Survivors try to survive the post-apocalyptic world of "The Time of the Wolf," an exploration of civilization vs. savagery.
By LESLIE (HOBAN) BLAKE
Starting with its title taken from an early Germanic poem evoking the time before the end of the world Michael ("Le Pianiste") Haneke's "Le Temps de Loup" ("Time of the Wolf") is literally as well as figuratively a dark film. Set in the aftermath of some unknown catastrophe, the screen occasionally goes so dark that almost nothing can be discerned. Haneke's unsettling "What if..." scenario asks, "What if a group of disparate and desperate people were forced to try and survive together after something awful happened?"
We never learn exactly what happened, because that's not the issue. Haneke is interested in how ordinary people relate in extraordinary situations. Unlike "Mad Max," where everyone reverts to the basest common denominator, these survivors try clinging to rules and routines to protect themselves from the unknown. It's incivility and lawlessness that destroy civilizations according to Gibbon's "Decline and Fall of the Roman Empire" and Haneke posits that whatever disasters happen, life must and will go on, no matter how mundane that life might be.
|THE TIME OF THE WOLF|
|Original title: Le Temps du Loup.|
Written and directed by: Michael Haneke.
Cast: Isabelle Huppert, BÄatrice Dalle, Patrice ChÄreau, Rona Hartner, Maurice BÄnichou, Olivier Gourmet, Brigitte Ročan, Lucas Biscombe, Hakim Taleb, AnaĽs Demoustier, Serge Riaboukine, Marilyne Even, Florence Loiret.
Cinematography: Jčrgen Jčrges.
Edited by: Nadine Muse, Monika Willi.
Related links: Official site
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It's ironic that Bavarian-born Haneke's last few films (and his next, "CachÄ") have been/are in French. But that befits his confusing body of work, especially the nihilistic duo of "La Pianiste" (2001) and "Funny Games" (1997). While these films prompted suspicions that he merely created sado-masochistic scenarios for his own perverse pleasure, "Le Temps du Loup" is a serious attempt to answer eternal questions via the structure of a horror/sci-fi film.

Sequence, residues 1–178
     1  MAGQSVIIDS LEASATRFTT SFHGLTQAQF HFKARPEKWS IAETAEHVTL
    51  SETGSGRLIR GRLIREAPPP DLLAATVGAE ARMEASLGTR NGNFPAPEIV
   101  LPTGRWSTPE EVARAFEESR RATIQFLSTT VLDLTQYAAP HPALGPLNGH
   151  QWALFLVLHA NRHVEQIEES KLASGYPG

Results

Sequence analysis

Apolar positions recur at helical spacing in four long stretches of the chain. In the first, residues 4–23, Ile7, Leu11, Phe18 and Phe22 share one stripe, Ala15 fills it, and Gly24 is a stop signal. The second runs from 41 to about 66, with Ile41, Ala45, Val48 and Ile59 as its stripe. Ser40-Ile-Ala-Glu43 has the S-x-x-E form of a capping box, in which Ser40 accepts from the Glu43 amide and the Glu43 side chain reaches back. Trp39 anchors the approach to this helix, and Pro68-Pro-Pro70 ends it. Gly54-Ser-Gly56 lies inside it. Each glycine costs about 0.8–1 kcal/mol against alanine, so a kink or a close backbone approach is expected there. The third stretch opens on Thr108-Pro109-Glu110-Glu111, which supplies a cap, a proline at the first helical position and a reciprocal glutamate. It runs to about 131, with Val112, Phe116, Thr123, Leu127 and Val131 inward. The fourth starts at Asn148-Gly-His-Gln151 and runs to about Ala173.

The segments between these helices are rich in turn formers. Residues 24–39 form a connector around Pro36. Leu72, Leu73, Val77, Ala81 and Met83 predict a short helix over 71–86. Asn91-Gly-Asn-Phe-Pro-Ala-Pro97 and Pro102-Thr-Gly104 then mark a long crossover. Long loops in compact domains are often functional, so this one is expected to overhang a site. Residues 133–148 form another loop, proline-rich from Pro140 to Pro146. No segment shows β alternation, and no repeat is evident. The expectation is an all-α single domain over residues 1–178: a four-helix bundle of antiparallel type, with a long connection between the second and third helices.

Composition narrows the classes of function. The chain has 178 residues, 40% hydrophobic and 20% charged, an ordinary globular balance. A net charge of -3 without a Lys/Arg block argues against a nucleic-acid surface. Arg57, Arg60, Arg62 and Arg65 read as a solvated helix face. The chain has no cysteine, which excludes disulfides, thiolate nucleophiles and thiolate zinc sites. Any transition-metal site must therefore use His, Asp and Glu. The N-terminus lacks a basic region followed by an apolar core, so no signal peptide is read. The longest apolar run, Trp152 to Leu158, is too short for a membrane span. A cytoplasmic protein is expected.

Previously cast as the masochistic heroine of Haneke's "La Pianiste," for "Loup," Huppert is Anna, a bourgeois mother, forced first to witness the murder of her husband and then to protect her two children, Ben (Lucas Biscombe) and Eva (Anais Demoustier) not only from the unknown terror, but also the very real privations, of this alien and alienating situation.|
Huppert and her excellent fellow cast members including actor/auteur Patrice ChÄreau ("Queen Margot"), Beatrice Dalle ("Betty Blue") and Olivier Gourmet ("The Son"), don't appear to be acting at all. Rather they seem to be part of cautionary tale disguised as docudrama. Haneke also weaves story and myth in and out his character's lives especially with the Legend of the Just, a cabal of 36 righteous men (and women) who are prepared to sacrifice themselves to preserve mankind. Somehow young Ben imagines that he is one of the Just (check that stunning poster image) and his urge toward martyrdom summons unwanted images of equally young Middle Eastern suicide bombers. A thoroughly disturbing and thought-provoking film.
|JULY 3, 2004|
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